The sight of Marion Police Department’s drug-sniffing dog, Legion, with officer Mike Stone and canine teams from other out-of-county departments last week was a familiar one for students.
As canine teams had done before, they walked the hallways and grounds as part of routine training to keep drug dogs’ sleuthing sniffers sharp.
But unexpectedly, the “free air sniff” became all business when Legion and the drug dog posse detected something in a student’s car parked in 100 block of Lincoln St.
“All four canines indicated on the vehicle,” Marion chief Tyler Mermis said.
Random canine team training exercises take place in Marion “as often as they want, could be every month, every two months,” Mermis said.
The owner of the vehicle, presumably a parent of the driving-age student, was contacted before a search that allegedly discovered .5 grams of marijuana, a marijuana pipe and grinder, and an open bottle of beer, according assistant chief Clinton Jeffrey’s police report.
USD 408 has an open invitation to Marion police when it comes to drug education and enforcement, Superintendent Lee Leiker said.
“We have a very open policy that we don’t accept drugs and alcohol in our schools,” Leiker said. “We tell students that the police are allowed to come almost anytime unannounced. All we ask is that their training doesn’t interfere with our schedule, like on state testing dates. Marion police are usually good about letting us know when they are planning to do one.”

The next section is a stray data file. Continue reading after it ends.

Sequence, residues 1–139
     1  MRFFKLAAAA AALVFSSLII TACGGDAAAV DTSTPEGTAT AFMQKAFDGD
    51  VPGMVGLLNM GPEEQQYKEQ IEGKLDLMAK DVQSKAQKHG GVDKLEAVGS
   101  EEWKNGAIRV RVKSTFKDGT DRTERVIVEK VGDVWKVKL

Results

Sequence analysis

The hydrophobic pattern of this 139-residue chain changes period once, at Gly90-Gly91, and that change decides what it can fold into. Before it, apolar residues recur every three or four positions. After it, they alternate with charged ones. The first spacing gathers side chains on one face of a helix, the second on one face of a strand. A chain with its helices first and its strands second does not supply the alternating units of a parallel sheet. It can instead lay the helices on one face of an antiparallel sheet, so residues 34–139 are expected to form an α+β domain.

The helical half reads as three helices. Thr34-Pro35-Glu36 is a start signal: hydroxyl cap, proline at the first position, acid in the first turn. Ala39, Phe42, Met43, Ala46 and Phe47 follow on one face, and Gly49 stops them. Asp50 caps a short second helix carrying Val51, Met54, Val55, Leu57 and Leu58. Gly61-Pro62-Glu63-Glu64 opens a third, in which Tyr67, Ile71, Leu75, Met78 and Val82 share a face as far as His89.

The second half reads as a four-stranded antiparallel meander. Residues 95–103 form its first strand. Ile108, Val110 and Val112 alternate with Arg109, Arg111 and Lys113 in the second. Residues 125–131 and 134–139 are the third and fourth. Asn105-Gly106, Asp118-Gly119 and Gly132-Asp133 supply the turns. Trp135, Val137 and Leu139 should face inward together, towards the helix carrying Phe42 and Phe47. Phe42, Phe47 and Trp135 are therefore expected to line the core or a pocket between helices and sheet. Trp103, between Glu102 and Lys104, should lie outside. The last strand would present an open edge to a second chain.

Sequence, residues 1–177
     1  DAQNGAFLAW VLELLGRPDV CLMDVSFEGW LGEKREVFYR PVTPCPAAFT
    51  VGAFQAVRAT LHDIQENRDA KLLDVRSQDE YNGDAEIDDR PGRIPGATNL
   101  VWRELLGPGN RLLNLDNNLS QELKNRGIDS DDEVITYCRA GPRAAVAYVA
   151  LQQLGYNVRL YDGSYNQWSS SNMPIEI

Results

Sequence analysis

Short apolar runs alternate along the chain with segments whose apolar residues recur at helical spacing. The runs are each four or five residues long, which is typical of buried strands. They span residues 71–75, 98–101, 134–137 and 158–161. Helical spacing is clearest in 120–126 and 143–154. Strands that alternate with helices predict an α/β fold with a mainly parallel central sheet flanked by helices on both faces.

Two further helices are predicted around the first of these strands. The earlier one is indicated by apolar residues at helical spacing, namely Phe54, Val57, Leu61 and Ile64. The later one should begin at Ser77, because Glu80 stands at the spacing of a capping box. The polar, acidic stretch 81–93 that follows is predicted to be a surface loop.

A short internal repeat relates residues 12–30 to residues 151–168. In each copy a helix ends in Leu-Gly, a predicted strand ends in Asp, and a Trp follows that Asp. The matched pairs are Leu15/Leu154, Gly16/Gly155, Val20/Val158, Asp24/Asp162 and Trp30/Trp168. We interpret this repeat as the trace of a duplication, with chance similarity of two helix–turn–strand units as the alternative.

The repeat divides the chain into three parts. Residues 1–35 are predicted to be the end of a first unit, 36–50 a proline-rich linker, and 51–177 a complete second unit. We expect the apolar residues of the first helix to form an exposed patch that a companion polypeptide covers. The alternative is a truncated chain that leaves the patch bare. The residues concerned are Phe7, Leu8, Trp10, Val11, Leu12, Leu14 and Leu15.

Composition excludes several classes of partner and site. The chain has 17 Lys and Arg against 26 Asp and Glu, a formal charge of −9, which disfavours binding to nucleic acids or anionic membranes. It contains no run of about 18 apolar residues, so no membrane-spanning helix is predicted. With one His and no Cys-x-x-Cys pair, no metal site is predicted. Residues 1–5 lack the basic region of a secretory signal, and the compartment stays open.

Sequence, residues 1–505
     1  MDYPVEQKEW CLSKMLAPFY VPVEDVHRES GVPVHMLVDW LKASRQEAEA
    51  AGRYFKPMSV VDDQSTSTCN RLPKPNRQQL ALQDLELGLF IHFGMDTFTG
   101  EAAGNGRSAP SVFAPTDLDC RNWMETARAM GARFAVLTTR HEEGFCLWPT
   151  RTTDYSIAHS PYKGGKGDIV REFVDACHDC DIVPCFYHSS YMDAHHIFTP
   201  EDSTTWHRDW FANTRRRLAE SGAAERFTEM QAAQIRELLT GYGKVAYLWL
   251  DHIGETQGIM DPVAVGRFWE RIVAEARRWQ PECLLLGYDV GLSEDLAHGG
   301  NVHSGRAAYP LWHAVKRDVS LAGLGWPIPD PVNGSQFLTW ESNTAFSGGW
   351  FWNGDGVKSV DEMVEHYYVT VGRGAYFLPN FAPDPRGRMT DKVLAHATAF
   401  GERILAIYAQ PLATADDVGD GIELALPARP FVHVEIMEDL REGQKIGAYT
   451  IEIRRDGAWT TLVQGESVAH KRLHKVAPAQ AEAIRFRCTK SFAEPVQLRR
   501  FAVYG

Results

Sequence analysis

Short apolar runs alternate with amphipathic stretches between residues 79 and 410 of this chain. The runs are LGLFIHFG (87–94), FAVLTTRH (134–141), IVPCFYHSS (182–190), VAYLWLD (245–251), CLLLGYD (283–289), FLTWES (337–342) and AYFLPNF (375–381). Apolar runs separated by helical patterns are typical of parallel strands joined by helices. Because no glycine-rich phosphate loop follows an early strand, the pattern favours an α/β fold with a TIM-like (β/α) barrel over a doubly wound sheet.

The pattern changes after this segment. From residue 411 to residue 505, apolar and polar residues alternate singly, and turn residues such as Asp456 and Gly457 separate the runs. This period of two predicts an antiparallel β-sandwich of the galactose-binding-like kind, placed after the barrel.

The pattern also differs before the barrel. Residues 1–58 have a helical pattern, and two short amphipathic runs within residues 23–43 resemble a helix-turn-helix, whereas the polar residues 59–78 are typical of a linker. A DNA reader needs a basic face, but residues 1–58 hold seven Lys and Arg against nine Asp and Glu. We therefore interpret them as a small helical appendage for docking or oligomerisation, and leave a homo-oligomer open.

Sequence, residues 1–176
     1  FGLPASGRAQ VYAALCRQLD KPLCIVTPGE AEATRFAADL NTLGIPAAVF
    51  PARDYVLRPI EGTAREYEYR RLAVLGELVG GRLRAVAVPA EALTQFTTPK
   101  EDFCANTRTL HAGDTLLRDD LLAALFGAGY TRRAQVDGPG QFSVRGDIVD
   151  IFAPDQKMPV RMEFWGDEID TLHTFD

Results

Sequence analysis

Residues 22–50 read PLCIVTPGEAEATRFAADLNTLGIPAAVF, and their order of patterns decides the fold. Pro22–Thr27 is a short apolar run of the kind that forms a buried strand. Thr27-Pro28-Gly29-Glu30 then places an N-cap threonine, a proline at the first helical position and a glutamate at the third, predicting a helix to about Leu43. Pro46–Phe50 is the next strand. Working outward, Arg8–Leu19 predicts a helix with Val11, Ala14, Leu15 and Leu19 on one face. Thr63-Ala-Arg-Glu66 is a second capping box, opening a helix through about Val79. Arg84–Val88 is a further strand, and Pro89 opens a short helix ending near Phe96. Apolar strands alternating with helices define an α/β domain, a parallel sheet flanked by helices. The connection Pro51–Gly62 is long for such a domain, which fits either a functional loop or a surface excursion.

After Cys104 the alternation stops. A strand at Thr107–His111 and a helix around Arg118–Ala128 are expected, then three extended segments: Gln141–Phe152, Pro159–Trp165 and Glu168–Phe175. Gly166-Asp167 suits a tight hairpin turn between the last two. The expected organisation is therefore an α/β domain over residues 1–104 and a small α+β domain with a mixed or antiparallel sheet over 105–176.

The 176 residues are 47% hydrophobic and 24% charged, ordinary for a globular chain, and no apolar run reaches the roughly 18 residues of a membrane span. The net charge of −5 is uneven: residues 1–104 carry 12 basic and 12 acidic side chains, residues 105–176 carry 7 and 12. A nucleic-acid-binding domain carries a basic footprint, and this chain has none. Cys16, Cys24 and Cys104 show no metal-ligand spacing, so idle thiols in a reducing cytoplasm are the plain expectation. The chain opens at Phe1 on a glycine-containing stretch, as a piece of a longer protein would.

He said the school welcomes the training exercises.
“It helps train police dogs and it also publicly promotes that we want to be a drug- and alcohol-free school,” Leiker said.
The building principal will largely determine discipline at school, he said, and could possibly involve some type of suspension.
Had school officials discovered the substances, Leiker said the district’s policy is to contact parents and law enforcement.
Because the case involves a juvenile, Mermis said the case was sent to Marion County Attorney’s Office for prosecution.